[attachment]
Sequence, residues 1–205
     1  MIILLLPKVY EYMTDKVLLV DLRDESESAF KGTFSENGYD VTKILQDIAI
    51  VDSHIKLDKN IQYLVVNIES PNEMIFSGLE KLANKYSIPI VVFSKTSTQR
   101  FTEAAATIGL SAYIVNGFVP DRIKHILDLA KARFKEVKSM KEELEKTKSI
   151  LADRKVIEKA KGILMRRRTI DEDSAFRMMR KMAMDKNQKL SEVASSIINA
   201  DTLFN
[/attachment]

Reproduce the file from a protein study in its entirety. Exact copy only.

Sequence, residues 1–205
     1  MIILLLPKVY EYMTDKVLLV DLRDESESAF KGTFSENGYD VTKILQDIAI
    51  VDSHIKLDKN IQYLVVNIES PNEMIFSGLE KLANKYSIPI VVFSKTSTQR
   101  FTEAAATIGL SAYIVNGFVP DRIKHILDLA KARFKEVKSM KEELEKTKSI
   151  LADRKVIEKA KGILMRRRTI DEDSAFRMMR KMAMDKNQKL SEVASSIINA
   201  DTLFN